Scientists in the US have shown that apart from delaying a developing baby's growth, foetal alcohol exposure can also give a baby a lifelong taste for the stuff.
Writing in this week's PNAS, State University of New York researchers Steven Youngentob and John Glendinning exposed pregnant rats to alcohol and then followed up the behaviour of their offspring. They found that, compared with control animals, once they reached adolescence the alcohol-exposed animals would drink significantly more alcohol.
This, say the researchers, appears to be due to the rats becoming far more tolerant of bitter-tasting foods and drinks, including alcohol and quinine (which shares the same flavour profile as alcohol).
Taste-tests on the animals showed that they had less aversion for bitter substances compared with controls. In effect, foetal exposure had given them a taste for alcohol.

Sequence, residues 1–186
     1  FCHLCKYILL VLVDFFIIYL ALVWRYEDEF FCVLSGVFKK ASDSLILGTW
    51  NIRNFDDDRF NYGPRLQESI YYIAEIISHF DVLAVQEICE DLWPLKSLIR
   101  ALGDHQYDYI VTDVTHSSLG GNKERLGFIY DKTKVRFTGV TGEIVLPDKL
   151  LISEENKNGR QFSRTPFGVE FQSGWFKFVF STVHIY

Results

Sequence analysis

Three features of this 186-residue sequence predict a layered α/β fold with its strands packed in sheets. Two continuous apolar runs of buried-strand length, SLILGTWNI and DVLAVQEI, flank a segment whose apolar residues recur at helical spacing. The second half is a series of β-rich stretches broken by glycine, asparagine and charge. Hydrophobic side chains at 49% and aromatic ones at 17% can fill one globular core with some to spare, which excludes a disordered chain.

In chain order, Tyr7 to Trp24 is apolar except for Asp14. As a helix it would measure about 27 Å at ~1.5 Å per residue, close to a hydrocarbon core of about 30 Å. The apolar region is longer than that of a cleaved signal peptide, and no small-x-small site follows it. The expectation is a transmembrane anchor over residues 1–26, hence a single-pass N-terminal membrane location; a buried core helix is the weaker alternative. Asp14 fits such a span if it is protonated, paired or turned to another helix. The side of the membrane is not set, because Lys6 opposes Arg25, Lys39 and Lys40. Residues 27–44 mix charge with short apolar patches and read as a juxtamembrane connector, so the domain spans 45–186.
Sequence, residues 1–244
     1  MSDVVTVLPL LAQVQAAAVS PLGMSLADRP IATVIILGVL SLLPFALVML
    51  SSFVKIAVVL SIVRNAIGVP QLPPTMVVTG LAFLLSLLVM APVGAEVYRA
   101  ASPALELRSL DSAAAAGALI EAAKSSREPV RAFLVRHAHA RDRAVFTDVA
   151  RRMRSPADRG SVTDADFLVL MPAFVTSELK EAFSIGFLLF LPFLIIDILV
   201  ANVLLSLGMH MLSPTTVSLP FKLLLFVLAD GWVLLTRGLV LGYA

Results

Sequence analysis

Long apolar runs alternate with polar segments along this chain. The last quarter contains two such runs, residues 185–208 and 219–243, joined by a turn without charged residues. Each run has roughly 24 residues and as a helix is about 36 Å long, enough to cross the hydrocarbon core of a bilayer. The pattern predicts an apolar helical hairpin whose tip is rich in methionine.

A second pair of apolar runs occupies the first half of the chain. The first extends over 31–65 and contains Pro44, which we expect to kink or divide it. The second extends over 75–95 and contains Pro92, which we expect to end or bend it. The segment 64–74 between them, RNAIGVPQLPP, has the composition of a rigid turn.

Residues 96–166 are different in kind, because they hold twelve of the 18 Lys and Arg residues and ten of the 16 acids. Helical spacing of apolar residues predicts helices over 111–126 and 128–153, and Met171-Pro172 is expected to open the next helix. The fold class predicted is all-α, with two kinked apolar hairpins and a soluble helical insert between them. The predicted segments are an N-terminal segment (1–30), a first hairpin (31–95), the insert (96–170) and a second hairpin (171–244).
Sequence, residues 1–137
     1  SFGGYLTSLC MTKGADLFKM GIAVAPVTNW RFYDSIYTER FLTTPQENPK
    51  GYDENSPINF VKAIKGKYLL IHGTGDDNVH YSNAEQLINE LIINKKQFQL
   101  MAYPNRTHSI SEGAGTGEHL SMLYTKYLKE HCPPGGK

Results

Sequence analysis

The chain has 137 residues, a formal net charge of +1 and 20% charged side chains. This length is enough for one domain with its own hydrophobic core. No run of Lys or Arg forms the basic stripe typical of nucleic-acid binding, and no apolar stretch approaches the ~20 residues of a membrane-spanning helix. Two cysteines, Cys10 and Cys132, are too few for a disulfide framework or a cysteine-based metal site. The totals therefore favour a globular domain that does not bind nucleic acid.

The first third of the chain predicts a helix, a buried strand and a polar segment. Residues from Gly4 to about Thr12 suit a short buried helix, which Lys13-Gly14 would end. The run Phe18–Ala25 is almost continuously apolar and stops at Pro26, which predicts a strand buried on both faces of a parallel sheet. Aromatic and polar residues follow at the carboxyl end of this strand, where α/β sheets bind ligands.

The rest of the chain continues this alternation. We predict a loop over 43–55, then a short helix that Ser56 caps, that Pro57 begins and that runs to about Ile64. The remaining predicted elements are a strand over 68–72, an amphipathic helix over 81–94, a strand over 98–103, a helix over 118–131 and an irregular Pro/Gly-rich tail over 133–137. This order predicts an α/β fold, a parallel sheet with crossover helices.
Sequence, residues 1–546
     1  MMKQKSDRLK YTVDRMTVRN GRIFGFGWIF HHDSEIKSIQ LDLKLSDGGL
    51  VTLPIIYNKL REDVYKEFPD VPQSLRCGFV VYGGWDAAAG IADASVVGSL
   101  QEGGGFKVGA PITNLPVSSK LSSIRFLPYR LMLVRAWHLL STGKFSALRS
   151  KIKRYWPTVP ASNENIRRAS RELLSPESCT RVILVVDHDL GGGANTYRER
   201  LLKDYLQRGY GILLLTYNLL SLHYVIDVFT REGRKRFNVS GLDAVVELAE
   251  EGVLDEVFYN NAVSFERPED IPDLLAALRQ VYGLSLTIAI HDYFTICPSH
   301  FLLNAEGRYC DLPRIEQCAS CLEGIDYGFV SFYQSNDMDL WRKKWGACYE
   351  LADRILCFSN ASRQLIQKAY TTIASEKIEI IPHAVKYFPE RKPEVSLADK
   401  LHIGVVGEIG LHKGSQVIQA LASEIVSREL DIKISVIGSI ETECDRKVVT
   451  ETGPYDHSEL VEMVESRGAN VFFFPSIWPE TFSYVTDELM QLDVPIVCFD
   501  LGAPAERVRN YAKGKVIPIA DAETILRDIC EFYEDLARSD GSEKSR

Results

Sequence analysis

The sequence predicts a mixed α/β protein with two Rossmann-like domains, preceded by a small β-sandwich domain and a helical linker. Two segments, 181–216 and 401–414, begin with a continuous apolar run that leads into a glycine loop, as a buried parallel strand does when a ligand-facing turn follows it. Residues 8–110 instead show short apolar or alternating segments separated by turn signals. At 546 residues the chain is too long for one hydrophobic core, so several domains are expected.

This is probably a manifestation of normal developmental mechanisms whereby maternal tastes are transferred to offspring. But in the wider context it provides a framework through which maternal patterns of drug use may also be transferred to offspring. For instance many drugs have "chemosensory" components - such as the smell of tobacco smoke, or even the taste of coffee - and this could rub off on the foetus by quite literally giving it a taste for the agent before its even been born...